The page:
Prilenia Therapeutics has raised €55M in Series A funding to launch late-stage clinical trials of its small molecule candidate drug in Huntington’s disease and amyotrophic lateral sclerosis, incurable conditions that have very limited treatment options.
Dutch life sciences VC Forbion led the round and was joined by new Chinese investor Morningside Venture Investments and the Canadian firm Sectoral Asset Management. Previous US-based investors Talisman Capital Partners also invested in the round.
Prilenia was originally founded in Israel, as Prilenia Neurotherapeutics. Prilenia Therapeutics, whose launch is funded by part of this Series A, is to hold Prilenia Neurotherapeutics as its Israeli subsidiary. The new funding brings the total raised by the company to €75M since it was founded in 2018.
The company’s lead candidate drug pridopidine acts by stimulating a protein called the sigma-1 receptor in the brain, which is believed to have neuroprotective effects. The company is testing the same candidate drug for a variety of different neurological conditions including Huntington’s disease — a genetic condition causing dementia and movement problems — the degenerative nerve disorder amyotrophic lateral sclerosis (ALS), and the neurodegenerative condition Parkinson’s disease.
“Pridopidine’s mechanism as a sigma-1 receptor agonist is relevant to multiple neurodegenerative diseases as it rescues cellular processes that are commonly impaired in several different diseases, regardless of their underlying cause,” Prilenia’s new CEO, Michael Hayden, told me. Hayden was President of Global R&D and CSO at Teva Pharmaceuticals until the end of 2017 and has been Executive Chairman of Prilenia since the company was founded.
Hayden explained that activating this receptor can prevent cellular stress and the resulting neuronal damage. “In this manner, pridopidine can restore neuronal function and protect the neurons from degeneration.”
Pridopidine was owned by Teva Pharmaceuticals before being acquired by Prilenia and has already been tested in Huntington’s patients at phase II, with mixed results. While it did not significantly improve the motor function of patients in the studies, it did improve their total functional capacity score, which is a measure of how well they can live independently. The company plans to move to phase III in Huntington’s patients later this year.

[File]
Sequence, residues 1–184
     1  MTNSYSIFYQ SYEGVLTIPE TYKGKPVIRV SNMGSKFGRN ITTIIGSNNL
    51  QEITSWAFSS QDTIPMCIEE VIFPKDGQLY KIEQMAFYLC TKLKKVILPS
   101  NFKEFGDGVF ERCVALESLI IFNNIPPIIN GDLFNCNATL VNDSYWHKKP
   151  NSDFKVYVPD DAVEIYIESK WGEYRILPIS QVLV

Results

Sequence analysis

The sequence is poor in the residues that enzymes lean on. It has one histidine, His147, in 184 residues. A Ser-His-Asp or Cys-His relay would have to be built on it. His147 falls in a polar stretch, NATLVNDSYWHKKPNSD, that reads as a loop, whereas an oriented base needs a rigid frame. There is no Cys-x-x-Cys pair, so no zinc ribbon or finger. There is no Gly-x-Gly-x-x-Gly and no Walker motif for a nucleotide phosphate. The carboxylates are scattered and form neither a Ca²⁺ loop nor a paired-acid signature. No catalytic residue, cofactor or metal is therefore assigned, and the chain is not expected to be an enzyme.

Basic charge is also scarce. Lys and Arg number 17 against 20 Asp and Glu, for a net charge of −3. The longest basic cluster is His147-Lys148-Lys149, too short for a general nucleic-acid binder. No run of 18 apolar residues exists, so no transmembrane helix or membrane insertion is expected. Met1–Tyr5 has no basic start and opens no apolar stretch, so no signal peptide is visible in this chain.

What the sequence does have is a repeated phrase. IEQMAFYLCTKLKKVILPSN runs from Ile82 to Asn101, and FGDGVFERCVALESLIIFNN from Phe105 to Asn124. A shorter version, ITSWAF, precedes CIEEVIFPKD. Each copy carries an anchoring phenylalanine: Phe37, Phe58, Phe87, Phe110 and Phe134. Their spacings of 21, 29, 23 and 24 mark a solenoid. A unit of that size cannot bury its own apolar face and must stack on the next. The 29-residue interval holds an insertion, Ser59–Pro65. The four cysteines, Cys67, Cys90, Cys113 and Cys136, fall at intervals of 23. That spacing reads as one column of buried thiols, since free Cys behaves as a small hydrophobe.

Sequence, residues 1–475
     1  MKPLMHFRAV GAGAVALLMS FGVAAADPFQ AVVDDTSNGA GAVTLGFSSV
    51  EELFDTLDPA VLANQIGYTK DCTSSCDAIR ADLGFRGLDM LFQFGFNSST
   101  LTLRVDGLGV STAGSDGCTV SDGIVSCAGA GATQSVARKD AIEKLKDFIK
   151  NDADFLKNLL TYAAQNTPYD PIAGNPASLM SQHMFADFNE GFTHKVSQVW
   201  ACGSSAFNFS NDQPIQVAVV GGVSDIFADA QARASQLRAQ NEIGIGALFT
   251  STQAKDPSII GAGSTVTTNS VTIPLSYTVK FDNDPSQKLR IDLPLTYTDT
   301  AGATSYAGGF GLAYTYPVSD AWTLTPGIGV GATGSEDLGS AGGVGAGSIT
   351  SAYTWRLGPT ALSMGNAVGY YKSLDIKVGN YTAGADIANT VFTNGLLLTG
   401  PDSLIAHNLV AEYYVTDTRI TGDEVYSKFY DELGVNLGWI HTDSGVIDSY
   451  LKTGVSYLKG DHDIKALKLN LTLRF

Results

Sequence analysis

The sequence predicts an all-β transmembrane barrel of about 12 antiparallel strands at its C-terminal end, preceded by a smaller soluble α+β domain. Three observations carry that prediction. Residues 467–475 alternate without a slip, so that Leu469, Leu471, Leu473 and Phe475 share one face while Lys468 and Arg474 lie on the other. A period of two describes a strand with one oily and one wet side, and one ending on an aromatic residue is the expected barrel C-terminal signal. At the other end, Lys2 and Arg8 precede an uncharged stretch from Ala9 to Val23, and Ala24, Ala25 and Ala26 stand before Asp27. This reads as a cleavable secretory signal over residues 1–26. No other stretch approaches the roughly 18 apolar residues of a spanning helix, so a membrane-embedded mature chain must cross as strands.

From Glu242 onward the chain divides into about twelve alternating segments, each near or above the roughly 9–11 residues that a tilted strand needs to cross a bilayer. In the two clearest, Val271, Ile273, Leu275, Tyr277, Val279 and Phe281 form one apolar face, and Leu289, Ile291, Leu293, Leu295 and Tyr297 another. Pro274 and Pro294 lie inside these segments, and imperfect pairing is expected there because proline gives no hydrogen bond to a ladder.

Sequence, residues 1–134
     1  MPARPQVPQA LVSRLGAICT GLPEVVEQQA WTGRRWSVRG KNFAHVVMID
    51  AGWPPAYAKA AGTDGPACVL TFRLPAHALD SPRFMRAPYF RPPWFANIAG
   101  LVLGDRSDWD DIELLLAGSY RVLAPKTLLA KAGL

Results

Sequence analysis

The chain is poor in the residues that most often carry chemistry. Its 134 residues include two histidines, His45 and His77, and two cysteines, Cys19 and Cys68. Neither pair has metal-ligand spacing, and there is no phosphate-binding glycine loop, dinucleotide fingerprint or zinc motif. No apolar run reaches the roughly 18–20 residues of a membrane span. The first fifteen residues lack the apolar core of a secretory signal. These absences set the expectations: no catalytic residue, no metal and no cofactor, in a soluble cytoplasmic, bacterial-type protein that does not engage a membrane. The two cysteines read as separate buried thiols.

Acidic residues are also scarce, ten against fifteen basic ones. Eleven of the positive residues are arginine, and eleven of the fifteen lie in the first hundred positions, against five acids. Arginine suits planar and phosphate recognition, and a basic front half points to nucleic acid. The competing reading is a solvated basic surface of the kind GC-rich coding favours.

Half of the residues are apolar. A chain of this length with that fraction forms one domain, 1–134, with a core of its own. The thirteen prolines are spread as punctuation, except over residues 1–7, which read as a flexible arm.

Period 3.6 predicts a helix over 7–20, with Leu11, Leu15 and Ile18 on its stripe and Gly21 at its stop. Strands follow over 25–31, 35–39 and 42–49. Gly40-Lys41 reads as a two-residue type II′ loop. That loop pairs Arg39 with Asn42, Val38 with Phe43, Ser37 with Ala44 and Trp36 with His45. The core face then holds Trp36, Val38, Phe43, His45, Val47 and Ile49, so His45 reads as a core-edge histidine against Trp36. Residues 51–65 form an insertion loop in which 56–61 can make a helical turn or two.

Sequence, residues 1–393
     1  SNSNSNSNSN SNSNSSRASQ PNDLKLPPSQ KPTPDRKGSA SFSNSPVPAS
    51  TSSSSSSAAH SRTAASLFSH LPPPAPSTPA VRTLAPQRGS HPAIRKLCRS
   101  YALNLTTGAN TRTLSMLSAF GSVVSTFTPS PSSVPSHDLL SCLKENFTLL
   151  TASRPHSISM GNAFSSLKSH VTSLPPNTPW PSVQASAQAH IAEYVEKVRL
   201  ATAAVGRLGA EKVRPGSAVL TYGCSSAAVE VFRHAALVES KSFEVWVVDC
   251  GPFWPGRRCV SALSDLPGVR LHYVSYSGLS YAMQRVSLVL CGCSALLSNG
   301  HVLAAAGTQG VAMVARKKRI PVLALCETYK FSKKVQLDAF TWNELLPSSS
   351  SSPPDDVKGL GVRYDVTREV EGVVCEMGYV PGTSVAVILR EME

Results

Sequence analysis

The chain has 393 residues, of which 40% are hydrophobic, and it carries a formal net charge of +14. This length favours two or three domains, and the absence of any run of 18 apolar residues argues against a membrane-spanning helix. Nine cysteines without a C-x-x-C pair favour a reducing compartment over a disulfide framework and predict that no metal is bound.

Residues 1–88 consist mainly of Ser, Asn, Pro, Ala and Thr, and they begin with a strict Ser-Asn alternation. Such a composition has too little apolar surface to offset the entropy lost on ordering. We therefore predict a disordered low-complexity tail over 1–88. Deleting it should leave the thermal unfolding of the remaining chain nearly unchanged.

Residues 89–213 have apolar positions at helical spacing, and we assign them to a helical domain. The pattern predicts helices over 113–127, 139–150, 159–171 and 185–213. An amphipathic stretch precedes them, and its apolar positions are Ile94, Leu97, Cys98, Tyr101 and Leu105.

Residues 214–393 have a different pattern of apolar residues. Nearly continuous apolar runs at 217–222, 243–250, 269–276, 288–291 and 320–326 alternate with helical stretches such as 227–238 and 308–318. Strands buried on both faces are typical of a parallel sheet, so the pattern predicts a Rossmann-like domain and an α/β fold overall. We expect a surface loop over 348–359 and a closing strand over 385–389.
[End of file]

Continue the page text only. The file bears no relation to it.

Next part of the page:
Pridopidine has also been selected as one of five drugs tested in a phase II trial run at the Sean M. Healey & AMG Center at Massachusetts General Hospital in the US. Scheduled to start later this year, this ‘platform’ trial is simultaneously testing different potential treatments for ALS with the aim of accelerating the process and reducing costs.
“Both of these are intractable diseases with very limited treatment options,” commented Hayden. “In Huntington’s disease, the only existing treatments are for specific motor symptoms and they have no effect on functional capacity… In ALS, approved treatments are also very limited. We aim to provide patients and their families hope where there is currently no hope.”
The neurological disease space has been notoriously difficult to crack in the past, with many late-stage trials failing. However, Hayden is confident that things are improving for the better.
“The nervous system, as we well know, is incredibly complex. During the past few years, we have witnessed incredible progress in our understanding and conduct of clinical trials in the neurology field. New imaging tools are now approved that enable us to measure certain pathologies in the living brain and biomarkers are emerging that are validated to follow disease progression.”
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